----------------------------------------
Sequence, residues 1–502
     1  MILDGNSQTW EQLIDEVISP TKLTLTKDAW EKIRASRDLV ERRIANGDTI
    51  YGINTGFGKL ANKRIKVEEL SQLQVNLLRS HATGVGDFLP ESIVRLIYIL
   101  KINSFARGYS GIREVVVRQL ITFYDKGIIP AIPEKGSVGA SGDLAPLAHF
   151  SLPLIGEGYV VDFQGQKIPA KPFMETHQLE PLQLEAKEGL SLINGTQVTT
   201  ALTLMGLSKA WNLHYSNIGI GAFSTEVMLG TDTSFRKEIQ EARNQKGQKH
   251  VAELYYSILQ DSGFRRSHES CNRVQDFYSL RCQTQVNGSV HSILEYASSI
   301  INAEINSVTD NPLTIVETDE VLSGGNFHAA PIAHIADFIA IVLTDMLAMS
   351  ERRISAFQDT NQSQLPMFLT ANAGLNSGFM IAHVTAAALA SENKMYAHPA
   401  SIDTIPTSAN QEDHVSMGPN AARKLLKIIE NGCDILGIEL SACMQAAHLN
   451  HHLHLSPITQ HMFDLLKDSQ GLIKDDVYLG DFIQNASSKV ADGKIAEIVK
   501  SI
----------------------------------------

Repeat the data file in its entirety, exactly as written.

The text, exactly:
Sequence, residues 1–502
     1  MILDGNSQTW EQLIDEVISP TKLTLTKDAW EKIRASRDLV ERRIANGDTI
    51  YGINTGFGKL ANKRIKVEEL SQLQVNLLRS HATGVGDFLP ESIVRLIYIL
   101  KINSFARGYS GIREVVVRQL ITFYDKGIIP AIPEKGSVGA SGDLAPLAHF
   151  SLPLIGEGYV VDFQGQKIPA KPFMETHQLE PLQLEAKEGL SLINGTQVTT
   201  ALTLMGLSKA WNLHYSNIGI GAFSTEVMLG TDTSFRKEIQ EARNQKGQKH
   251  VAELYYSILQ DSGFRRSHES CNRVQDFYSL RCQTQVNGSV HSILEYASSI
   301  INAEINSVTD NPLTIVETDE VLSGGNFHAA PIAHIADFIA IVLTDMLAMS
   351  ERRISAFQDT NQSQLPMFLT ANAGLNSGFM IAHVTAAALA SENKMYAHPA
   401  SIDTIPTSAN QEDHVSMGPN AARKLLKIIE NGCDILGIEL SACMQAAHLN
   451  HHLHLSPITQ HMFDLLKDSQ GLIKDDVYLG DFIQNASSKV ADGKIAEIVK
   501  SI